Based on field surveys, there has been a 50% observed decrease in the Seychelles terrapins, which includes various Pelusios species.[11] Seychelles is considered a hotspot for biodiversity as it is one of the most threatened reservoirs of plant life and animal life, as well as one of the richest environments.[12] The species are endangered due to threat of drainage, predation, and invasion by alien flora, combined with a shrunken living area.[11][12] Most habitat destruction is from human population expansion, specifically in the granitic islands due to increased development pressures.[12] There is hope for reversal of this trend as evidenced by the rapid population recovery of Pelusios subniger parietalis on Frégate Island after habitat improvement.[11] The global climate change has recently been recognized as one of the largest threats to biodiversity.[13] This climate change has the ability to change species survival by causing changes in ecosystem structures[12] yet the effect is heightened in endemic species.[13] Several reviews undertaken for the study of potential effects of global warming on biodiversity have provided evidence for Africa being the most vulnerable of all continents.[14] Climate change is likely to be devastating for many species confined to small islands such as Seychelles.[12] Endemic species such as Pelusios could suffer the worst impact of climate change because of their restricted range and narrow ecological requirements.

References[edit]

  1. ^ a b c Rhodin 2011, p. 000.215
  2. ^ a b c d e Fritz 2007, pp. 345-346
  3. ^ Branch, Bill. 2004. Field Guide to Snakes and Other Reptiles of Southern Africa. Sanibel Island, Florida: Ralph Curtis Books. 399 pp. ISBN 0-88359-042-5. (Genus Pelusios, p. 46).
  4. ^ a b c d e f g h i j Vitt, Laurie; Calwell, Janalee (2008). Herpetology. Wiltham, Massachusetts: Academic. ISBN 978-0-12-374346-6. 
  5. ^ a b c Bonin, Franck; Devaux, Bernard; Dupre, Alain (2006). Turtles of the World (Third ed.). Baltimore, Maryland: Johns Hopkins University Press. ISBN 0-8018-8496-9. 
  6. ^ Franklin, C (2007). Turtles: An extraordinary natural history 245 million years in the making. St. Paul, Minnesota: Voyageur Press. ISBN 978-0-7603-2981-8. 
  7. ^ a b Ernst, C; Barbour, R. (1989). Turtles of the World. Washington D.C.: Smithsonian Press. ISBN 0-87474-414-8.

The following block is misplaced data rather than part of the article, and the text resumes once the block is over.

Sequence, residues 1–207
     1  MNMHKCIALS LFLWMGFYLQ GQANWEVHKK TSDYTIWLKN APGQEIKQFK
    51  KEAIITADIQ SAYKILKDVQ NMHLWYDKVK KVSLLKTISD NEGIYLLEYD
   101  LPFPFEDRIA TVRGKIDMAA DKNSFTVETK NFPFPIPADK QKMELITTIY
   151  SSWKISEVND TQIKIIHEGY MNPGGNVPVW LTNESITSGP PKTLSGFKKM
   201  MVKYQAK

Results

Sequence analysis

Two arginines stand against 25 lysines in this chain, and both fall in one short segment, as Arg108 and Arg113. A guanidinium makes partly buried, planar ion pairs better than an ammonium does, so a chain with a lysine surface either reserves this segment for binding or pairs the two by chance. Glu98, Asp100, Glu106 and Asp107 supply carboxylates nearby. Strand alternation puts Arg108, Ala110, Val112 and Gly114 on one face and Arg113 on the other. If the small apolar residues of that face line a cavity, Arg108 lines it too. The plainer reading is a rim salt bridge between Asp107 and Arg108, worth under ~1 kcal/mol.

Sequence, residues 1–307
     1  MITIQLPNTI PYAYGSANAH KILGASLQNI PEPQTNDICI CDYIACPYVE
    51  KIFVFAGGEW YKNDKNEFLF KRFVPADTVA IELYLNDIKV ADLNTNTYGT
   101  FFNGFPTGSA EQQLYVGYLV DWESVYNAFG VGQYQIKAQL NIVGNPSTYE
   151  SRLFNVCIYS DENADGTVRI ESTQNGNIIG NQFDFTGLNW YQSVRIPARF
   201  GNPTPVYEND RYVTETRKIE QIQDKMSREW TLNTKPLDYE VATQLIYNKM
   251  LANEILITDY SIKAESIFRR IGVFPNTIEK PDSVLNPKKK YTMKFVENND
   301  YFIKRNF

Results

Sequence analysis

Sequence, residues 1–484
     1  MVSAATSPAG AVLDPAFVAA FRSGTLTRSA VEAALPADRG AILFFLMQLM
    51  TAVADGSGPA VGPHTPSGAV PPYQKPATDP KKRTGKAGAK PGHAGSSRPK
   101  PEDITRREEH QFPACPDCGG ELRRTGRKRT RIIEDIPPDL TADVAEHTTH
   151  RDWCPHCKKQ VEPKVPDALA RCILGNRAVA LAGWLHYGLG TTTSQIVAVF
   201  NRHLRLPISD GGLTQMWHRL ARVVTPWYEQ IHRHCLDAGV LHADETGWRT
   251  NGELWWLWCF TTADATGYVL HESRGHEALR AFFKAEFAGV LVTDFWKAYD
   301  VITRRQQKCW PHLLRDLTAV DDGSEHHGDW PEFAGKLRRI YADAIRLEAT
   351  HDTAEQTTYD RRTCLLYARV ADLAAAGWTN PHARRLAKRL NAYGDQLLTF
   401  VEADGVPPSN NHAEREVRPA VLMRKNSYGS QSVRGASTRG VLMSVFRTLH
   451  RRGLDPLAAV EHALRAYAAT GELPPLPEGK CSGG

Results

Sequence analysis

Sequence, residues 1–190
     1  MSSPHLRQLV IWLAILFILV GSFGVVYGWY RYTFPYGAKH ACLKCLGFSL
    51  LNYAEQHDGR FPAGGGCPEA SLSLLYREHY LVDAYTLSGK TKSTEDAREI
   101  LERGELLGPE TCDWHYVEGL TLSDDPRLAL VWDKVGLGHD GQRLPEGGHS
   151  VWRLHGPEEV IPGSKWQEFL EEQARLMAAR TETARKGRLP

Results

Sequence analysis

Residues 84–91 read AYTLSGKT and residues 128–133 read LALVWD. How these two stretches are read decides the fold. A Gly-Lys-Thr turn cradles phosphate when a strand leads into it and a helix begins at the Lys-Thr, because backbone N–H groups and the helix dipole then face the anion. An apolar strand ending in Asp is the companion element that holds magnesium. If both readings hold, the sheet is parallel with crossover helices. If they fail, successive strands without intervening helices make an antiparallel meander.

8. ^ a b Vargas-Ramirez M, Vences M, Branch WR, Daniels SR, Glaw F, Hofmeyr MD, Kuchling G, Maran J, Papenfuss TJ, Siroký P, Vieites DR, Fritz U. (July 2010). "Deep genealogical lineages in the widely distributed African helmeted terrapin: Evidence from mitochondrial and nuclear DNA". Molecular Phylogenetics and Evolution 56: 428–440. doi:10.1016/j.ympev.2010.03.019. PMID 20332032. 
  9. ^ The Reptile Database. www.reptile-database.org.
  10. ^ Bruce G. Marcot, "Two Turtles from Western Democratic Republic of the Congo: Pelusios chapini and Kinixys erosa." Includes photos.
  11. ^ a b c Gerlach, J (August 2008). "Fragmentation and demography as causes of population decline in Seychelles freshwater turtles (genus Pelusios)". Chelonian Conservation and Biology 7: 78–87. doi:10.2744/ccb-0635.1. 
  12. ^ a b c d e Bombi, Pierluigi; D’Amen, Manuela; Gerlach, Justin; Luiselli, Luca. (2009). "Will climate change affect terrapin conservation in Seychelles". Phelsuma (17A): 1–12. 
  13. ^ a b Thomas CD, Cameron A, Green RE, Bakkenes M, Beaumont LJ, Collingham YC, Erasmus BFN, de Siqueira MF, Grainger A, Hannah L, Hughes L, Huntley B, van Jaarsveld AS, Midgley GF, Miles L, Ortega-Huerta MA, Peterson AT, Phillips OL, Williams SE. 2004. "Extinction risk from climate change". Nature 427: 145–148.
  14. ^ Hulme M. 1996. Climate Change and Southern Africa: an Exploration of Some Potential Impacts and implications in the SADC. Norwich: United Kingdom: WWF International and Climate Research Unit, UEA. 104 pp.

Bibliography[edit]

  • Caldwell, Analee; Vitt, Laurie. (2008). Herpetology. Waltham, Massachusetts: Academic Press. Print.
  • Wagler J. 1830. Natürliches System der AMPHIBIEN, mit vorangehender Classification der SÄUGTHIERE und VÖGEL. Ein Beitrag zur vergleichenden Zoologie. Munich, Stuttgart and Tübingen: J.G. Cotta. vi + 354 pp. + one plate. (Pelusios, new genus, p. 137). (in German and Latin).
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West African black turtle

The West African black turtle (Pelusios niger) is a species of turtle in the Pelomedusidae family. It is endemic to Africa, in Cameroon, Equatorial Guinea, Gabon, and Nigeria.[1]

References[edit]

  1. ^ a b c d Rhodin 2011, pp. 000.215–000.216.
  2. ^ a b c Fritz 2007, pp. 348–349.

Bibliography[edit]


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African dwarf mud turtle

The African dwarf mud turtle (Pelusios nanus) is a species of turtle in the Pelomedusidae family. It is endemic to Africa, in Angola, the Democratic Republic of the Congo, Malawi, and Zambia.[1]

References[edit]

  1. ^ a b c d Rhodin 2011, p. 000.215.
  2. ^ a b c Fritz 2007, p. 348.

Bibliography[edit]


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William's mud turtle

Williams' mud turtle (Pelusios williamsi) is a species of turtles in the Pelomedusidae family endemic to Africa. It is found in the Democratic Republic of the Congo, Kenya, Tanzania and Uganda in Africa.[1]

Subspecies[edit source | edit]

  • P. w. williamsi Laurent, 1956 - Lake Victoria mud turtle
  • P. w. laurenti Bour, 1984 - Ukerewe Island mud turtle
  • P. w. lutescens Laurent, 1956 - Albert Nile mud turtle[1]

References[edit source | edit]

  1. ^ a b c d e Rhodin 2011, p. 000.216.
  2. ^ a b c Fritz 2007, p. 350.

Bibliography[edit source | edit]